Section Editor Joni Blecher, a.k.a. the Cell Phone Diva, wants to answer all your questions about cell phones, service plans, and wireless connectivity. Send her a question!
It's in the way that you choose it
I have Cingular phone service and want to know why some plans cover more areas than others. For example, I pay $39.99 each month for 450 rollover minutes, but the company lists a plan that costs $45 per month and that has more coverage areas but only 400 rollover minutes. What's the deal?
There are a couple of reasons for this. First, carriers have different types of plans. Cingular offers (among others) Region plans, which cover local expanses, and Nation plans, which have larger widespread area. It sounds like you have a Region plan, which is best for people who don't travel a lot and tend to make calls in a local range.
Second, network providers come up with new deals regularly, so the $45 deal you mention could be a unique offer that wasn't available at the time you purchased your plan. It's not like shopping at a superstore that'll meet or beat an advertised price if you present it to them within 30 days after purchase. You just have to take solace in knowing that you got the best plan possible for your needs at the time. If you think there's a better deal for you, however, you can call the carrier and see if you can change your plan. But don't be surprised if Cingular asks you to sign a new contract. You call that text messaging? Q:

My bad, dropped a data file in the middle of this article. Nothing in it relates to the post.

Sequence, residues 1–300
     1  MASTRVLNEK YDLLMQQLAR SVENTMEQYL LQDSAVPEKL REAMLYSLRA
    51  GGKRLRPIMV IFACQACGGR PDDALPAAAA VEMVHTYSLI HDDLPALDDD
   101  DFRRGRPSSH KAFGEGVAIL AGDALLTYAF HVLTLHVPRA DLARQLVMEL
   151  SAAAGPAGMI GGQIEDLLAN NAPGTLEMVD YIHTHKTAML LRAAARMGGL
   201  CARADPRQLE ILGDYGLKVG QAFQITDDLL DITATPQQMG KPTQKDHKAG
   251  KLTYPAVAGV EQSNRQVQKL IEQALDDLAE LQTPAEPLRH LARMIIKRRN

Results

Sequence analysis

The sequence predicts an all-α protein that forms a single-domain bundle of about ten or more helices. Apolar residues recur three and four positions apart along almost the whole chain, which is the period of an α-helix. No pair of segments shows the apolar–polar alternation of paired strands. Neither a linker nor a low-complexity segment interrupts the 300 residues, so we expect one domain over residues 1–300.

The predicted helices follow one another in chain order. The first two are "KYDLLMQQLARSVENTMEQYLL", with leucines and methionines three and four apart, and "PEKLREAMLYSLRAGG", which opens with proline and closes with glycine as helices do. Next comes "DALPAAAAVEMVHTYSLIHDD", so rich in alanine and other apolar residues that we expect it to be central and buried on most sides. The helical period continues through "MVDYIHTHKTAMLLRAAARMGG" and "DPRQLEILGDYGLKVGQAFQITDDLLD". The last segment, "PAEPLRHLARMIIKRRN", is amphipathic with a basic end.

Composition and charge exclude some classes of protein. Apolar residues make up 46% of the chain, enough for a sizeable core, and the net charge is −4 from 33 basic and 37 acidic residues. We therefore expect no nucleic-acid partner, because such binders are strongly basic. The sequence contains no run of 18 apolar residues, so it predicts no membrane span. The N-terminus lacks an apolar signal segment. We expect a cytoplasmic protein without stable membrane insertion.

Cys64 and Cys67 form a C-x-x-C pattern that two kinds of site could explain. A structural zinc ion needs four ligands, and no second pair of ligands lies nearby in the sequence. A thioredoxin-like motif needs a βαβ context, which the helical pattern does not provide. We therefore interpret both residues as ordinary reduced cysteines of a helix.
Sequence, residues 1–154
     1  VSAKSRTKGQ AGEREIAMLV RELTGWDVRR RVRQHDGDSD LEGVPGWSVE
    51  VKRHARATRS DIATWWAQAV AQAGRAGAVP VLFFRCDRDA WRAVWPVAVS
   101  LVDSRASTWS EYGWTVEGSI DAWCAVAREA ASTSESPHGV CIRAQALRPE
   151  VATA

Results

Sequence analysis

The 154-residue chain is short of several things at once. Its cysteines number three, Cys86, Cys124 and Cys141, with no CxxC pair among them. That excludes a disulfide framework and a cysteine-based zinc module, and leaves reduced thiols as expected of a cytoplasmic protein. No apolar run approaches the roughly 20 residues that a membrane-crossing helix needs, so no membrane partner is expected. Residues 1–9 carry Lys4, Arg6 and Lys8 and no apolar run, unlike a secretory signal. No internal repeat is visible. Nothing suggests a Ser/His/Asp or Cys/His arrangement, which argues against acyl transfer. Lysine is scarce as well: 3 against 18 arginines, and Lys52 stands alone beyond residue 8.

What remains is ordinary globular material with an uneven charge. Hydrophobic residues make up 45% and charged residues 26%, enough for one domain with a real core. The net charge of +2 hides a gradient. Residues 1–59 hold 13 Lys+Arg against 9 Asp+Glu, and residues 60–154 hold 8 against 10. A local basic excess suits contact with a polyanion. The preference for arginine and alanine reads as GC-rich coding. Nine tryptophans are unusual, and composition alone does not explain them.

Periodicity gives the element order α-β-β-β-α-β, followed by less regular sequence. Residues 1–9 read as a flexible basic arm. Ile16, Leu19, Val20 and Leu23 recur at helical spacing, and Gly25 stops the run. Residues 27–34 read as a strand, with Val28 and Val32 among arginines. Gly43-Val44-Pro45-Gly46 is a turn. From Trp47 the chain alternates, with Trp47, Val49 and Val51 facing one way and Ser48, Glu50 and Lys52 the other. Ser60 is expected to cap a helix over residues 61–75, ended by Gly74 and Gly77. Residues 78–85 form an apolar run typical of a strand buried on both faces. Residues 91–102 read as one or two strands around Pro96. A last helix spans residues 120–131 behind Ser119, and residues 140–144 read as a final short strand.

I can't seem to send text messages to Sprint customers. I am a Cingular Wireless customer with the Motorola V400, which can send and receive text messages, as it appears, to and from just about every other carrier but Sprint customers. What could be preventing me from being able to send and receive from Sprint customers? The only time I am successful is when I send a text message directly from the Sprint PCS Web site to one of its customers.
If it helps any, the problem lies not with your phone but with Sprint's service. The company doesn't handle text messages (commonly known as SMS) the same way every other carrier does. Instead, Sprint treats them as part of its Web-based services. Traditionally, text messages go directly to the handset, similar to how a page for a pager works. That way, you don't need to launch the wireless Web to retrieve messages--they just appear in your in-box. In Sprint's case, the message isn't instantly stored on the handset, which is why it's not always immediately clear where the text message is kept or when it actually arrives.
Contracting customer appreciation
I have Sprint PCS. I also need a new phone, and as a five-year customer, I was told by the company that I would have to set up a new account and enter into a new contract. WHY?! I am in good standing with PCS but don't understand how the company can treat long-term customers with such crap! I hope you can help.
I just went through this exact issue with someone who was ready to give up an old yet trusty StarTac in favor of a newer PCS phone. Here's the long and short of it: You don't
have to sign another contract to get a new phone. You can pay the full price of the new phone and keep your current service as is. If you want to use the PCS features, you can even add them to your account without signing a new contract.
As a five-year customer, you're probably wondering why you aren't getting any perks. Well, there is one. If your handset is more than 18 months old, you qualify for the same rebates as a new customer--but you have to sign a new contract. The reason: In this day and age of number portability, signing new contracts is one of the few keys to customer retention that the carriers still hold. What did my friend (mentioned earlier) do? He gave up the StarTac, kept his contract, and paid the extra $50 (that's the total rebate he originally qualified for as a longtime customer) to have a new phone without being tied to a new contract. His latest peeve? Text messaging on Sprint PCS isn't working for him.